When he wants to look up a word on his phone app, she admonishes, “You lose all the ancillary benefits.… Ancillary! Ancillary. Like flying instead of taking the train. It’s efficient. But there’s so much that you miss. When you look up a word in the dictionary, you see the words that are nearby, which might be interesting in their own right. Epistemological. Epoch. Epiphany.” Or words that have the same root as the word you’re looking for, and might be related somehow…. Or words that are interesting in their own right, that you’ve never encountered before. And never would know to look up, but enrich you.”
Earlier, when he is having trouble reading Shakespeare’s iambic pentameter aloud. She remarks, “You start to feel the rhythm of the language after a while. Like listening for the beat of the music when you’re dancing. Is it a waltz or is it a foxtrot?”
She gets him to visit others in the home. He begins reading on his own – talk about diving into the deep end —Moby-Dick, ostensibly because it’s set on the ocean and he kas never seen the ocean, which is only two hours away.
And, of course, no spoiler here, her health begins to crater with no hope of recovery. So the play eases into contemplations of health, illness and imminent death – but at the same time as Zan is coming out of his self-imposed hermitage.
The narrative lines are clearly marked with foreshadowing signposts that only underscore the inevitability of the future for both characters and their development. The underlying strand is finding and reveling life in the face of death.
The much-honored Lewis has been developing the script for some time in readings and the like. She is a solid hand at constructing stories that quietly work their way into the audience’s emotions via appealing characters.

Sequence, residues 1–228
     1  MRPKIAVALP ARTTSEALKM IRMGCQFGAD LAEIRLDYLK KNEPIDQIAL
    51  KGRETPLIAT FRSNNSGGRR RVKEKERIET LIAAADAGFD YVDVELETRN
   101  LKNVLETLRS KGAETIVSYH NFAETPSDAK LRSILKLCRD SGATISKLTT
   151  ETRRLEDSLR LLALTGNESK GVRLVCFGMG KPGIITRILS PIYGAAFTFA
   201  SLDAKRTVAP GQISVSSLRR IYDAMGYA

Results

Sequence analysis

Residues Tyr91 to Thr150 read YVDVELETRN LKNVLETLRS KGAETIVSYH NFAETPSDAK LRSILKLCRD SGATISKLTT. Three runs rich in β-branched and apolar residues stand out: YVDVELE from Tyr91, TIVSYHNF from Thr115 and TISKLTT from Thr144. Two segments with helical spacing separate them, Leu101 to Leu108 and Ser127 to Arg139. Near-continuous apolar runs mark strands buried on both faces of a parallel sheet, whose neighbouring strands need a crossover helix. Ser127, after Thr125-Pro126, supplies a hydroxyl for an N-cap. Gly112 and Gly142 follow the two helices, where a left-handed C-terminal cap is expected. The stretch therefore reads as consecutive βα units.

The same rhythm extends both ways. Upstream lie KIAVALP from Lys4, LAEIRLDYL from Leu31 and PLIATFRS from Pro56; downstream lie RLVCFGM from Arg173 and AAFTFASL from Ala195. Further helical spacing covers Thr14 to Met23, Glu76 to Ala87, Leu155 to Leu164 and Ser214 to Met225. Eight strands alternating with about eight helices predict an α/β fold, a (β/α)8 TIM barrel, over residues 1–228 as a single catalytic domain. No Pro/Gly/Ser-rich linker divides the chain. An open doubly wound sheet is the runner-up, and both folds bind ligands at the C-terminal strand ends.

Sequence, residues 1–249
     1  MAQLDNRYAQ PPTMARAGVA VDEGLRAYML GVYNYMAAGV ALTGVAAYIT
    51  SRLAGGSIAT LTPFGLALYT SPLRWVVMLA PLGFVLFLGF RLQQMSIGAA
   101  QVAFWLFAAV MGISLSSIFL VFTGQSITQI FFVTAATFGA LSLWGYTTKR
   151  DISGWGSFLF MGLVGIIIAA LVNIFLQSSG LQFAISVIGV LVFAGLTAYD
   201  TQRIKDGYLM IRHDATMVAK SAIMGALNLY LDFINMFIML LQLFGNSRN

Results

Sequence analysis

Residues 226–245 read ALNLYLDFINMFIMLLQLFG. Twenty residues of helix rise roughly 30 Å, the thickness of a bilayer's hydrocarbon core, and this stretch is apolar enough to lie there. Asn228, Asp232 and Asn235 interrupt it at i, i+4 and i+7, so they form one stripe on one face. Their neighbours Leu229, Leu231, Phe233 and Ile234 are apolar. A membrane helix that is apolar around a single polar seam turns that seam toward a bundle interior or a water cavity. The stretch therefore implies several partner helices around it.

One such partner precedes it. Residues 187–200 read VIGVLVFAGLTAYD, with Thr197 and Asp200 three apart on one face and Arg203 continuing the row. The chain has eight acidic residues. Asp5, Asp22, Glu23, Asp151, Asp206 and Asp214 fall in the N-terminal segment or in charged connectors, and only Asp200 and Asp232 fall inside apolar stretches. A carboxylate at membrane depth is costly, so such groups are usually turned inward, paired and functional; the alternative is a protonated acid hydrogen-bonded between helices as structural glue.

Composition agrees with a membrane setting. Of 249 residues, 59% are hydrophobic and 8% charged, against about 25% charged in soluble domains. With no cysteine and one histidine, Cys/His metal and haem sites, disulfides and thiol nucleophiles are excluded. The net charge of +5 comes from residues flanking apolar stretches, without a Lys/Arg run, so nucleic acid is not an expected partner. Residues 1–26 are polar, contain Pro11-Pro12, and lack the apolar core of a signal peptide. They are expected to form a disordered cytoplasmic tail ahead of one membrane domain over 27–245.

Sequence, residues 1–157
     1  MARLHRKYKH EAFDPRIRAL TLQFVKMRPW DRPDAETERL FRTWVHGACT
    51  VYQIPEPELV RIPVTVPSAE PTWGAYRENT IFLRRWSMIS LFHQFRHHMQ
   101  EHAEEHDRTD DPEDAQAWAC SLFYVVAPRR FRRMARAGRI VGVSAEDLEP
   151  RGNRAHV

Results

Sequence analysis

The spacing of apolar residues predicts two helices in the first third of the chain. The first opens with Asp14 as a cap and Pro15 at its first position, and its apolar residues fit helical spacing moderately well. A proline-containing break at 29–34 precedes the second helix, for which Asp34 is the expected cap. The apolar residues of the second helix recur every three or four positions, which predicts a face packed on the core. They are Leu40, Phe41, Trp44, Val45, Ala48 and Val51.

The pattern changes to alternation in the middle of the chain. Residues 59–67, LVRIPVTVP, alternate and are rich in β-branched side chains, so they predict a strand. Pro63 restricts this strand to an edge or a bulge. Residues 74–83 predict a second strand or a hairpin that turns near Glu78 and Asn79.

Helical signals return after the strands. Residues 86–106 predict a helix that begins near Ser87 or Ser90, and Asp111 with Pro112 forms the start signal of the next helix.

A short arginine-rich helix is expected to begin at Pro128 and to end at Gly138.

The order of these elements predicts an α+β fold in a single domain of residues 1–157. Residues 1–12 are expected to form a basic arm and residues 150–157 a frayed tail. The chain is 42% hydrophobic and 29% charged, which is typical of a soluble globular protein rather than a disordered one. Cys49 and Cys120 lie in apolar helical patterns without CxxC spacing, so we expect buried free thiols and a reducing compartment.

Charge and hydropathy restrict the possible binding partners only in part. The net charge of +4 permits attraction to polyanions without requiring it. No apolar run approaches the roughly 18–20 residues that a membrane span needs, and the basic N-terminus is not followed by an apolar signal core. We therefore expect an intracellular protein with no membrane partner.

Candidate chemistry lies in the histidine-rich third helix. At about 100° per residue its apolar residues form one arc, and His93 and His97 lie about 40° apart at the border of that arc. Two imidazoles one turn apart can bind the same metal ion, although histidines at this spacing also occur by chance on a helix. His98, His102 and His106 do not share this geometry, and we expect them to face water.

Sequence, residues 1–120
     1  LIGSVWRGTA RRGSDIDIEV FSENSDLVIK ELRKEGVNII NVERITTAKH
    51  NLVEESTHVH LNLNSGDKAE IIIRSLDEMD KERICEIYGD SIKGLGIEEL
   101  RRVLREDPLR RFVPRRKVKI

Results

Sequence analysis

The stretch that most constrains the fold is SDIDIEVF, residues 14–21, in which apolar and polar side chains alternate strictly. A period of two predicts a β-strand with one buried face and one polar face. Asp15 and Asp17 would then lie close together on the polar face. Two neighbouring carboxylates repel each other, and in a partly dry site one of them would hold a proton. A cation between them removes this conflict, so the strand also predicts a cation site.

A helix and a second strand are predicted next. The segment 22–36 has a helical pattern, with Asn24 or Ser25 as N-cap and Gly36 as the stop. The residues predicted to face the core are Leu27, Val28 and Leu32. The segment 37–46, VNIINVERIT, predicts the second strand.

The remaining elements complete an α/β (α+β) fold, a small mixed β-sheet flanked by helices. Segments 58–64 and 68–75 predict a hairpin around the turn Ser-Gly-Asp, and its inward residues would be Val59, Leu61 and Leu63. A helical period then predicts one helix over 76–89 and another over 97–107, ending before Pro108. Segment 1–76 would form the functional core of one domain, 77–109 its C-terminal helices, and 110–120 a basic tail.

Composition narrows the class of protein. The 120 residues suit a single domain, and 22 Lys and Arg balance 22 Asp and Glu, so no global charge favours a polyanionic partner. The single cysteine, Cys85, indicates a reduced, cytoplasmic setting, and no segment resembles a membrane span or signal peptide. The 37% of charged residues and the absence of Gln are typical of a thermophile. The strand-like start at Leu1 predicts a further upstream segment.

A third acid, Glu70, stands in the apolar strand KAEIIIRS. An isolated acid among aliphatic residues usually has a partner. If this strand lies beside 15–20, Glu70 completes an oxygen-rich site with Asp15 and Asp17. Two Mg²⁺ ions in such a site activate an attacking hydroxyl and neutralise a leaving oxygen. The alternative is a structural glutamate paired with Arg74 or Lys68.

The play or the production has one weak point. There is a kaleidoscopic “chapter” meant to show the characters’ evolving relationship in two- and three-line vignettes that would work fine as a film montage but feels herky-jerky live on stage.
Stabile has a sure hand guiding this journey, but Lewis’ characters are private proud people accustomed to shielding their vulnerabilities, pain and fear from others. As a result, the sole facet missing is a little bit more friction, a little more electricity to push the story along.
Moseley, a BFA grad from Florida Atlantic University where Theatre Lab is based, delivers a solid job, especially in creating Zan at a discernably different place in his maturation as the narrator than as the troubled teenager.
Stephens, one of the region’s best actresses, once again gifts the audience and Lewis with a fascinating believable heroine who you yearn to spend time with yourself.
Thanks to Lewis, Stabile and Theatre Lab’s season-long commitment to world premieres, you do get the chance.
(Note: Theatre Lab will be collecting books to benefit the Literacy Coalition of Palm Beach County and the Little Library of Lake Worth. Drop off a new or gently used book when you come to see a performance. There also are talkback discussions after some performances.)
Dorothy’s Dictionary runs through Dec. 11 from Theatre Lab, performed at the FAU campus in Boca Raton. Performance times are 7:30 p.m. Thursday-Saturday, 3 p.m. Sunday. Running time is about 70 minutes with no intermission. $20-$45 for adults. For more information and tickets, visit https://fauevents.universitytickets.com. Or call (561) 297-6124